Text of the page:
Safe and affordable housing is a reality for everyone in Bangladesh. Construction is environmentally sustainable and provides good working conditions to millions of people.


Develop a scalable solution to transform fired clay brick kilns into state of the art block factories and establish construction methods for safe and affordable housing on a national level.


Building Pioneers promotes non-fired brick solutions to make safe, affordable and eco-friendly housing a reality in Bangladesh.

Block Production

The only widely available solid building materials in Bangladesh are fired clay bricks and concrete. Both are unaffordable for lower income groups who are forced to build with corrugated iron, adobe (sun-dried soil) or even plastic sheet. Non-solid building materials are less durable and require frequent repair and maintenance, which creates a financial burden for lower income families and negatively affects their resilience.

Building Pioneers promotes a building block which has better properties than conventional bricks and reduces construction cost by 25%. This makes solid housing affordable for millions of people.

House Construction

Bangladesh is home to 160 million people and ranks as one of the most densely populated countries in the world. It is prone to cyclones, floods and earthquakes. Most houses in Bangladesh, especially in rural areas, are non-engineered and poorly constructed. They fail to provide sufficient protection against natural hazards for millions of people.

Building Pioneers develops easy-to-adopt construction methods for solid housing in rural areas to increase disaster resilience and reduce construction costs. Masonry training is a key component to ensure their widespread application.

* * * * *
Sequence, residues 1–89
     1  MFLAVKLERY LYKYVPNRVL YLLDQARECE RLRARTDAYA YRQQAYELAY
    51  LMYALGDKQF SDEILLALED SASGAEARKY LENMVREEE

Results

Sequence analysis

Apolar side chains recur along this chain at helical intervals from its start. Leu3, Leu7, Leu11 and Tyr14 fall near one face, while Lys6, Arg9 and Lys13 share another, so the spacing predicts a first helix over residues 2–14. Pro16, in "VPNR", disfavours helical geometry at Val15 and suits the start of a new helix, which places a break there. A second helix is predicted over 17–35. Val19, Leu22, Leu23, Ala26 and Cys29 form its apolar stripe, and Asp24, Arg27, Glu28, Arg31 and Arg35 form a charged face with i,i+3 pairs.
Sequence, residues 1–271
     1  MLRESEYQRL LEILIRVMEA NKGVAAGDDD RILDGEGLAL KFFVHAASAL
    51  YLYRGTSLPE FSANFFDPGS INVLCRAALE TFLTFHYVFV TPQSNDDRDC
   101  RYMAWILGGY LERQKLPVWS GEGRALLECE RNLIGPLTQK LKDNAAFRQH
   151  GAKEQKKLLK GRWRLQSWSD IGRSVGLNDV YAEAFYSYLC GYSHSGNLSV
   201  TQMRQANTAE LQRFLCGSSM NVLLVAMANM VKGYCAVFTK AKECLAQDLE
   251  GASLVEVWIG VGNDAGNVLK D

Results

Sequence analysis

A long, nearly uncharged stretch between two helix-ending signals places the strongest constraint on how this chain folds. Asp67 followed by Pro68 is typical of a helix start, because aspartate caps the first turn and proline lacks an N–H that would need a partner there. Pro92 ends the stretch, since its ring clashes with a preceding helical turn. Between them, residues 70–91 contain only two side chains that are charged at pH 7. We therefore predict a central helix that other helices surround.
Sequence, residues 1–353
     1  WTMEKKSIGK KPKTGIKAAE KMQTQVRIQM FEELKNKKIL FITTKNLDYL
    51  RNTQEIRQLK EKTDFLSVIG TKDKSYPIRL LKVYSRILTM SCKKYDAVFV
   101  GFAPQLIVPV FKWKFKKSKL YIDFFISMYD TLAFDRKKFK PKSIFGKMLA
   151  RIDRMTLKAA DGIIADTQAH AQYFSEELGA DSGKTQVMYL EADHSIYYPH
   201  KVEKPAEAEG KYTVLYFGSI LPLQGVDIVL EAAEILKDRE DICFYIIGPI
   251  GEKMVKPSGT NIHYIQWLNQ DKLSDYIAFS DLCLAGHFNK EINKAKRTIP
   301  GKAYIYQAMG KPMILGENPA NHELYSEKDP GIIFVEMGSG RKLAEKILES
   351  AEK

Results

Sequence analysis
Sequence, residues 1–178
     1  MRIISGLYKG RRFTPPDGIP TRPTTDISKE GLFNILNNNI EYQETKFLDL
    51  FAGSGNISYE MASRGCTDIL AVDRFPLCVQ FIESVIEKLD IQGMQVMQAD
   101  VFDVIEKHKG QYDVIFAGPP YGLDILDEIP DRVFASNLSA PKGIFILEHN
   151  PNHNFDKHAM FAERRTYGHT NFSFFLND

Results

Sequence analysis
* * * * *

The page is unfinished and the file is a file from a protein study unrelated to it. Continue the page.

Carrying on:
Kiln Transformation

Bangladesh counts more than 6000 fired clay brick kilns with a yearly output of 15 billion bricks. The kiln technology is outdated and energy inefficient. It consumes 3.5 million tonnes of coal and 2 million tonnes of firewood every year. This causes 10 million tonnes of CO2 emissions, air pollution, severe deforestation and top soil depletion, which threatens the food security of Bangladesh. 1 million people in the brick industry endure harsh working conditions.

Building Pioneers aims to transform fired clay brick kilns into modern block factories. Together with key stakeholders, we create a transformation package for brick kilns that can be rolled out on a national level.

Building blocks

Building blocks (or non-fired bricks) are used worldwide as a standard alternative to conventional fired clay bricks. However, in Bangladesh they make up less than 0.1% of the total brick market. Building Pioneers believes that the potential for system change in Bangladesh’s brick industry is huge and can benefit millions of people and the environment.

Strong & durable

Building blocks outperform corrugated iron sheet, adobe and bamboo in terms of strength and durability. Blocks have better properties than Bangladesh’s manually produced bricks and their hollow shape allows horizontal and vertical reinforcement for earthquake resistance.


Building blocks reduce construction cost by 25% per sqm compared to brick walls in Bangladesh. The cost advantage consist of a lower block price, faster construction and less amount of mortar and plaster.


Blocks are produced without firing. This reduces CO2 emissions by 50% per sqm wall compared to fired clay bricks, causes less air pollution and deforestation for firewood.

Blocks are based on sand, not clay, which helps to preserve agricultural farmland and increase food security.

A proven technology.


Ava Mulla

Ava Mulla

Co-Founder and CEO

Ava studied Industrial Engineering and Management in Germany. During an internship at the Yunus Center in Dhaka, she realized the tremendous potential for non-fired bricks in Bangladesh and decided to found Building Pioneers.

Odin Mühlenbein

Odin Mühlenbein


Odin worked as a strategy consultant at McKinsey & Company and co-founded two companies before. He works as a consultant for Ashoka and represents Building Pioneers in Europe.


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Creating a market for an alternative building material in all of Bangladesh requires collaboration between partners from different sectors, including local and international businesses, research institutions, the government from the local to the national level, development agencies, academia, the media, and others.
Get in touch if you want to contribute!


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